Nasedra Lumpkin v. Attorney General, State of Flo, et al


Opinion issued by court as to Appellant Nasedra K. Lumpkin. Decision: Affirmed. Opinion type: Non-Published. Opinion method: Per Curiam. The opinion is also available through the Court's Opinions page at this link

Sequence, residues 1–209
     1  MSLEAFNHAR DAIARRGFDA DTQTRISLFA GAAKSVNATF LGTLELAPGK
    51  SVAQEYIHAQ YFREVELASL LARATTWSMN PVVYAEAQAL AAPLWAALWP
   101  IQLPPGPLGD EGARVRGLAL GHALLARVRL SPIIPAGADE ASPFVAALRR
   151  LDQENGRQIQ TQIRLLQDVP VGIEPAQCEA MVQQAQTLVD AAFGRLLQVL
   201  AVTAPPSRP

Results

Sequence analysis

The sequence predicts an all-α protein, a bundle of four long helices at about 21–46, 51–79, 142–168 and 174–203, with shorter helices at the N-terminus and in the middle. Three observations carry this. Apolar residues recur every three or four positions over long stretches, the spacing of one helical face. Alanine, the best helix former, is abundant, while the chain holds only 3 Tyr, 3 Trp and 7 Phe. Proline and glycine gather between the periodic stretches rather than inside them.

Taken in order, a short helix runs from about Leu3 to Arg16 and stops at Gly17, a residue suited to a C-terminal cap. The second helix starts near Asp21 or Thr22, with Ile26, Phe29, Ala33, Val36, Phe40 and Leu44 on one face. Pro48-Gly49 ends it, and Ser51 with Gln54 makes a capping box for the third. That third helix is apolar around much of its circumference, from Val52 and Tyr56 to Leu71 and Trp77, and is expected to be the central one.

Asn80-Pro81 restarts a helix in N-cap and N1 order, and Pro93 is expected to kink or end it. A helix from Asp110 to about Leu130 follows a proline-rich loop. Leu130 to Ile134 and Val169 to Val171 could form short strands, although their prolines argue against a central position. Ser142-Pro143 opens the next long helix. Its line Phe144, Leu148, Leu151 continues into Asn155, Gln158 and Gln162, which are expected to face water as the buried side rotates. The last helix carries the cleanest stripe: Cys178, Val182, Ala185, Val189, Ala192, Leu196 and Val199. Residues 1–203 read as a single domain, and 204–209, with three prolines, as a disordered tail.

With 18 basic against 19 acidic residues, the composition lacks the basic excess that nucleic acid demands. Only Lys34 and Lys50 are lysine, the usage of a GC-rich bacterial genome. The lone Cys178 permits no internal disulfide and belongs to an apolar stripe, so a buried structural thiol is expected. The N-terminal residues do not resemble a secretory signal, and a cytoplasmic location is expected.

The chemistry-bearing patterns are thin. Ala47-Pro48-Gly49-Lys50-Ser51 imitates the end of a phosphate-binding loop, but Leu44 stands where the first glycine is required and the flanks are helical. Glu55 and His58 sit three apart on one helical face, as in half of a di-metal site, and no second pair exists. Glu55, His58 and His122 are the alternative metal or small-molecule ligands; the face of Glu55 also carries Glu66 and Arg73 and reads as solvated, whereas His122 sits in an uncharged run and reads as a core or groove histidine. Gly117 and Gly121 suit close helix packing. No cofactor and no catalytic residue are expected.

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Case: 16-17359 Date Filed: 06/28/2017 Page: 1 of 5 [DO NOT PUBLISH] IN THE UNITED STATES COURT OF APPEALS FOR THE ELEVENTH CIRCUIT ________________________ No. 16-17359 Non-Argument Calendar ________________________ D.C. Docket No. 9:16-cv-81794-WPD NASEDRA K. LUMPKIN, Plaintiff - Appellant, versus ATTORNEY GENERAL, STATE OF FLORIDA, ASSISTANT STATE PROSECUTOR, Julie Hogan, ASSISTANT STATE PROSECUTOR FOR THE ATTORNEY GENERAL, Nicholas B. Cox, FIFTEENTH JUDICIAL CIRCUIT OF FLORIDA IN AND FOR PALM BEACH COUNTY, Defendants - Appellees. ________________________ Appeal from the United States District Court for the Southern District of Florida ________________________ (June 28, 2017) Case: 16-17359 Date Filed: 06/28/2017 Page: 2 of 5 Before JULIE CARNES, JILL PRYOR, and EDMONDSON, Circuit Judges. PER CURIAM: Nasedra Lumpkin, a Florida prisoner proceeding pro se, appeals the district court’s dismissal -- pursuant to 28 U.S.C. § 1915(e)(2)(B)(ii) -- of his 42 U.S.C. § 1985 complaint for failure to state a claim. No reversible error has been shown; we affirm. We review de novo the district court’s dismissal for failure to state a claim pursuant to section 1915(e)(2)(B)(ii), applying the same standards that govern Fed. R. Civ. P. 12(b)(6). Mitchell v. Farcass, 112 F.3d 1483, 1490 (11th Cir. 1997). We view the complaint in the light most favorable to the plaintiff, accepting the fact allegations in the complaint as true. Dimanche v. Brown, 783 F.3d 1204, 1214 (11th Cir. 2015). In addition, we construe liberally pro se pleadings. Alba v. Montford, 517 F.3d 1249, 1252 (11th Cir. 2008). As an initial matter, we reject Lumpkin’s contention that the district court erred in applying 28 U.S.C. § 1915 to his complaint. Lumpkin’s complaint was a civil action filed by a prisoner against government officials, and Lumpkin was granted permission to proceed in forma pauperis in the district court; so, 2 Case: 16-17359 Date Filed: 06/28/2017 Page: 3 of 5 Lumpkin’s complaint was subject to the screening procedures of section 1915. See 28 U.S.C. §§ 1915(e)(2)(B)(ii), 1915A(a). In his complaint, Lumpkin named as defendants the State of Florida, Florida’s Attorney General, two assistant state prosecutors, and a state court judge. Lumpkin alleged that defendants engaged in a conspiracy to violate his constitutional rights by filing an unlawful charging instrument and probable-cause affidavit in conjunction with Lumpkin’s state-court criminal proceeding. Lumpkin also alleged that defendants violated his Sixth Amendment rights by “taint[ing]” the jury through “illegal testimony.” Lumpkin purports to assert a claim pursuant to 42 U.S.C. § 1985; he does not specify under what subsection he intends to bring his claim. Because Lumpkin’s complaint contains no allegations about a conspiracy to prevent an officer from performing his duties, he states no claim for relief under section 1985(1). Lumpkin also states no claim for relief under the first portion of section 1985(2), which applies only to conspiracies alleged to have deterred testimony in federal court. See McAndrew v. Lockheed Martin Corp., 206 F.3d 1031, 1036 n.2 (11th Cir. 2000) (en banc). In addition, because Lumpkin has failed to allege the existence of a “racial, or perhaps otherwise class-based, invidiously discriminatory animus behind the conspirators’ action,” he has stated no claim for relief under section 1985(3). See 3 Case: 16-17359 Date Filed: 06/28/2017 Page: 4 of 5 Childree v. UAP/GA AG Chem., 92 F.3d 1140, 1147 (11th Cir. 1996). For the same reason, Lumpkin states no claim for relief under the second portion of section 1985(2), which also applies only if the conspirators act “with intent to deny to any citizen the equal protection of the laws,” or to injure a person who seeks to enforce “equal protection of the laws.” Cf. Kush v. Rutledge, 103 S. Ct. 1483, 1487 (1983) (noting that both the second part of section 1985(2) and section 1985(3) contain “language requiring that the conspirators’ actions be motivated by an intent to deprive their victims of the equal protection of the laws.”); Griffin v. Breckenridge, 91 S. Ct. 1790, 1798 (1971) (explaining -- in the context of section 1985(3) -- that the “language requiring intent to deprive of equal protection, or equal privileges or immunities, means that there must be some . . . invidiously discriminatory animus behind the conspirators’ action.”). Lumpkin, thus, has failed to state a claim for relief under 42 U.S.C. § 1985. Construing liberally Lumpkin’s complaint as one attempting to assert a claim under 42 U.S.C. § 1983, Lumpkin can still state no claim for relief. First, the State of Florida is no “person” for purposes of section 1983. See Will v. Mich. Dep’t of State Police, 109 S. Ct. 2304, 2312 (1989). In addition, each of the named defendants is entitled to immunity. Lumpkin has alleged no facts demonstrating that the state court judge “acted in the clear absence of all jurisdiction”: the state court judge is thus entitled to absolute immunity from 4 Case: 16-17359 Date Filed: 06/28/2017 Page: 5 of 5 damages arising from acts taken in his judicial capacity. See Sibley v. Lando, 437 F.3d 1067, 1070 (11th Cir. 2005). Likewise, the Florida Attorney General and the state prosecutors are entitled to prosecutorial immunity for conduct involved in initiating Lumpkin’s prosecution and in presenting the State’s case. See Imbler v. Pachtman, 96 S. Ct. 984, 995 (1976). Moreover, because Lumpkin seeks to challenge the constitutionality of his convictions -- and because a judgment in Lumpkin’s favor “would necessarily imply the invalidity of his conviction or sentence” -- Lumpkin’s section 1983 claim is barred by Heck v. Humphrey, 114 S. Ct. 2364, 2372 (1994). Because Lumpkin’s complaint states no claim upon which relief could be granted -- and because amendment would be futile -- we affirm the district court’s dismissal. AFFIRMED. 5